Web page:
[Rasch] Unidimensionality

l.tesio at auxologico.it l.tesio at auxologico.it
Tue May 13 21:56:56 EST 2008


So far, I understood that -within a statistical perspective like Rasch's one- unidimensionality is not an all-or-none attribute. Therefore, it is a matter of distance of observation: the carachter A is a vowel in latin alphabet, but if you magnify this object it becomes a series of dots.  Furthermore, it is a concept superimposed to real (unknown in their very essence) latent properties. In a disability scale for paraplegia, motor and sphincterial items can be enough unidimensional if you take them as items of "minutes of care", but they are no longer unidimensional if you take them as items of "improvement after rehabilitation" (they can be very much "bi-dimensional" under this perspective). So, everything can be or not unidimensional, depending on a) observation distance; b)the supposed latent trait 

Now: let's face the philosophical issue of the "reality" of the unidimensionality claimed by a successful Rasch Analysis.
 
      You are looking at measures of "latent traits" which you hypothesized in advance (e.g. Quality of Life, depression..whatever). For Rasch and conventional coefficients (Cronbach alpha) the same reasoning applies: all properties that "exist" are potentially measurable (items could be found that are consistent/correlated/unidimensional) , but measures do not demostrate existence: they are necessary, not sufficient. First, it is well known that correlation is not a proffo of a cause-effect relationship (a third variable explanation is often  possible) .  

Second (perhaps more subtle): "existence" , in this context, means not only "something being there", but "being the thing -the meaningful entity-you suppose", i.e. the  construct you hypothesized a priori .  Flowers exist since millions of years, but the "beauty" of flowers require a person  perceiving the "beauty".  

I remember a funny dialog: a pharmaceutic dealer claimed that his drug was fostering growth, because it made tadpoles to become frogs SIGNIFICANTLY faster than the placebo made. The physcian replied: a-ha, I'd rather say it fosters aging. "Change" was consistently observed but...change of what?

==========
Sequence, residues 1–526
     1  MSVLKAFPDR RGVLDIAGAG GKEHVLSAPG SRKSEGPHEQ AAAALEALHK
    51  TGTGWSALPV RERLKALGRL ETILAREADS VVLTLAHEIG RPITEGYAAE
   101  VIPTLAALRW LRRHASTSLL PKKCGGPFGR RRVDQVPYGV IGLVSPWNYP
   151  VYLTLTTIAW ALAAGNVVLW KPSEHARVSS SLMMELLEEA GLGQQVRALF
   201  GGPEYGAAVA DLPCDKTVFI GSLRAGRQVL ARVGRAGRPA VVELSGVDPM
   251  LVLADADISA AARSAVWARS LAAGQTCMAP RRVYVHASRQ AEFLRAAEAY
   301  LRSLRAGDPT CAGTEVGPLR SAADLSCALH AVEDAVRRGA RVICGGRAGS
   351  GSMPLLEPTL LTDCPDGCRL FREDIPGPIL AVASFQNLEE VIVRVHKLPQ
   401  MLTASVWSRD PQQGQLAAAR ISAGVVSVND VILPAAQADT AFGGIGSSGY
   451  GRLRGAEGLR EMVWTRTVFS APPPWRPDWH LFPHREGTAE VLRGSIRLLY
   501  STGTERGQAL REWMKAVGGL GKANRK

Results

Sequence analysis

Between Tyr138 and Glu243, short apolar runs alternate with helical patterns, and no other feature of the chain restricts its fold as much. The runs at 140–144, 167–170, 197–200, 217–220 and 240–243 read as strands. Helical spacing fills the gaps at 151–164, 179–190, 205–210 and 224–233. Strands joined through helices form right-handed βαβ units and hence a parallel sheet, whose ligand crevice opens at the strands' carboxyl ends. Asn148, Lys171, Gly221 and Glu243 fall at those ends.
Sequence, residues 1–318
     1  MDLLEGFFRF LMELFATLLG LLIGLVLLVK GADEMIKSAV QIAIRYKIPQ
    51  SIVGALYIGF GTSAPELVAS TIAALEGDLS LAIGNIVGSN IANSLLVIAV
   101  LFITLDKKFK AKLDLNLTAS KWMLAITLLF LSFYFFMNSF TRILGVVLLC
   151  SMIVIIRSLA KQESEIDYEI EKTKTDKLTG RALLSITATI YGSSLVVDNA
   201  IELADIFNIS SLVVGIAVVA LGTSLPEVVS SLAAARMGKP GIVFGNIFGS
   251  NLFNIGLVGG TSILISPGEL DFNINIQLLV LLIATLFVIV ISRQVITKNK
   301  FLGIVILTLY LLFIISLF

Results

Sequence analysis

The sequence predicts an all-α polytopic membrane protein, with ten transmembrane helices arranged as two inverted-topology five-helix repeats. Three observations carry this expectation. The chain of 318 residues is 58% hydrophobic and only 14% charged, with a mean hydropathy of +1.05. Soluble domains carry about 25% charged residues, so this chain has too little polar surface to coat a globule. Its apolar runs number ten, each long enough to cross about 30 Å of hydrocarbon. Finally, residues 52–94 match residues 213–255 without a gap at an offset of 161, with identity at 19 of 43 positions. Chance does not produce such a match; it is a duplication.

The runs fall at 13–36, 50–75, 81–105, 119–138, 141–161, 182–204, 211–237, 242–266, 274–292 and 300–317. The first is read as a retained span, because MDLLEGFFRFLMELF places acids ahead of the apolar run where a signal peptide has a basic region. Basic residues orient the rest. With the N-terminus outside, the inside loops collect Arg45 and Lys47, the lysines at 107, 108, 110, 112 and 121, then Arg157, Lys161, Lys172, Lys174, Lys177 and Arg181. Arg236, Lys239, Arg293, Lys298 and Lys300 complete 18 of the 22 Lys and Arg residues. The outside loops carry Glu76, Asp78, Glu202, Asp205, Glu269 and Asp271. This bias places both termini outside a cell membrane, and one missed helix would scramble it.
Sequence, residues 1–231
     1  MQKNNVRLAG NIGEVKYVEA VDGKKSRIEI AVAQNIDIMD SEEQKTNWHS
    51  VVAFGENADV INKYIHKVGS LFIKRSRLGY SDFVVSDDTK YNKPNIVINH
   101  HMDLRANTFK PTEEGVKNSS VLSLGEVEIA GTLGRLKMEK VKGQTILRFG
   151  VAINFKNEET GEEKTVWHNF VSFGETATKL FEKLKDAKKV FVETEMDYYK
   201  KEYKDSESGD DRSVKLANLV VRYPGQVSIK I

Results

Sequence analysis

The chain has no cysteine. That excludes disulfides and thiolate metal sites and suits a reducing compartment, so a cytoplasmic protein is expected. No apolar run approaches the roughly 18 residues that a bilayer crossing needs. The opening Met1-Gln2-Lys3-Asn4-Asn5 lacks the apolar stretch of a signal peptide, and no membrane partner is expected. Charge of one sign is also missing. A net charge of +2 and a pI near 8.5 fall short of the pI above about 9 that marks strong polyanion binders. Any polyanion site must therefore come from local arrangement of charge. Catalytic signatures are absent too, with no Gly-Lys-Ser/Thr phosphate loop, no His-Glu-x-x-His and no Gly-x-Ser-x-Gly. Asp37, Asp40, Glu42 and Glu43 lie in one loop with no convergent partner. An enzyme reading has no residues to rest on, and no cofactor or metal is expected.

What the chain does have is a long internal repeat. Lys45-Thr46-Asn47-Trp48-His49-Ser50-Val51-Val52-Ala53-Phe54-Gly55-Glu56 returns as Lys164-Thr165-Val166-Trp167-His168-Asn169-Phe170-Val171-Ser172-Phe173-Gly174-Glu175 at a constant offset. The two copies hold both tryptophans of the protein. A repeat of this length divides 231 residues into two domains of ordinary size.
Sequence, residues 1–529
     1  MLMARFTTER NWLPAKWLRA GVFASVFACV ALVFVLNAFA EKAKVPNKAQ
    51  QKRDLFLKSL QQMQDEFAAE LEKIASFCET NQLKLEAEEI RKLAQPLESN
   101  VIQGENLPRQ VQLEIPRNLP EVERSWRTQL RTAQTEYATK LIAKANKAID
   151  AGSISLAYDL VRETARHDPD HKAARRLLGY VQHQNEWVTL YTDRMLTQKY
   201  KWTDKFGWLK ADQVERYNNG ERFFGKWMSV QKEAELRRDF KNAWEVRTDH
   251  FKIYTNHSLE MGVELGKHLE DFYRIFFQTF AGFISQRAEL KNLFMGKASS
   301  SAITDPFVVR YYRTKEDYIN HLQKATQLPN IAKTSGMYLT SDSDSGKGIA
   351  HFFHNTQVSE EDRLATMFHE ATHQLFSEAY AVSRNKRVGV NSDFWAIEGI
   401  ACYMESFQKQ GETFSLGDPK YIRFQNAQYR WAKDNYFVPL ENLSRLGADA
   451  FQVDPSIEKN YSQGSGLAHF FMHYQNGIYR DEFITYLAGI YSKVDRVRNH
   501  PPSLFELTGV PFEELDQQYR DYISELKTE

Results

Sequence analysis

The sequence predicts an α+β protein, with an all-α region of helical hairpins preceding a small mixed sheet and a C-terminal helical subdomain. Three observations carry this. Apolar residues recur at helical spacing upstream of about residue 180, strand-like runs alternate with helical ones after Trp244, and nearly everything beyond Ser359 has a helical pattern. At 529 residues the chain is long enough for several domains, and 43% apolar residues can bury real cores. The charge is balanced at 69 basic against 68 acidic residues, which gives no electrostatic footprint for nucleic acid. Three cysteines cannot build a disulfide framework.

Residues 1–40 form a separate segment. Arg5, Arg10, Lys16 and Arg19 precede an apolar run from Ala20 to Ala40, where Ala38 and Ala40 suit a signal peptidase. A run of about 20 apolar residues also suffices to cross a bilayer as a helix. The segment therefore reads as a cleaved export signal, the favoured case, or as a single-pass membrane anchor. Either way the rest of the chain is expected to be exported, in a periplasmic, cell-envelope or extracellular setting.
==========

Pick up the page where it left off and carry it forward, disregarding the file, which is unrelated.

If properties exist their items must be "unidimensional", but not all unidimensional series of items hits a "real" property. Let's admit, optimistically, that  there is not a "third variable" explaining the correlation: the second pitfall  is still in ambush, that you hit something, but not what you predicted.

Perhaps I'm off target: hope this helps.

Luigi

> Da: Trevor Bond <trevor.bond at jcu.edu.au>
> Data: Tue, 13 May 2008 08:21:39 +0800
> A: "Joe Albano" <joealbano2 at earthlink.net>, <rasch at acer.edu.au>
> Oggetto: RE: [Rasch] Unidimensionality
>
> Dear Joe,
> 
> While we have these important theoretical 
> discussions about what we can't yet do or what we 
> should be doing etc., at least this is a forum 
> where we have such discussions.
> 
> At present, the use of the Rasch model, as you 
> summarize it below, is the best we have on offer 
> to do just what you want.
> 
> Take Theo's warning to heart about adding unlike 
> things together and move forward carefully and 
> reflectively.
> 
> Steve's original question arose in a particular 
> (and not infrequent) context: a bunch of 
> curriculum experts and accountability bureaucrats 
> got together and constructed tests and decided 
> cut scores by working from merely adding raw 
> scores together.
> 
> Steve's question was based on his idea that RM 
> could do better than that...but how?
> 
> Too often we are called upon to make a silk purse 
> out of a sow's ear...but if you have to , use RM 
> reflectively and iteratively and aim to have 
> people LEARN about testing and cut-scores in the 
> process.
> 
> Gregory STONE (UToleo) has done some good work on 
> using RM to develop defensible cut scores.
> 
> best
> TGB
> 
> 
> At 5:28 PM -0400 5/12/08, Joe Albano wrote:
> >Content-Type: multipart/alternative;
> >	boundary="----=_NextPart_000_001D_01C8B455.A8DFFAD0"
> >Content-Language: en-us
> >
> >Pardon my ignorance, but I'm trying (1) to learn 
> >and (2) to apply some of this to upcoming work. 
> >Does this all translate into a practical 
> >observation that if fix statistics are 
> >reasonable (without entering into a debate about 
> >what constitutes reasonable fit stats) and 
> >residuals are sufficiently low (ibid) the 
> >measure can be considered unidimensional (even 
> >if, in "fact" the measure characterizes multiple 
> >"dimensions" that co-vary in lock step)? Said 
> >another way, can a measure be unidimensional, by 
> >Rasch standards, without the requirement that 
> >the underlying phenomenon of interest be 
> >unidimensional?
> >
> >*IF* this is true I have another question - but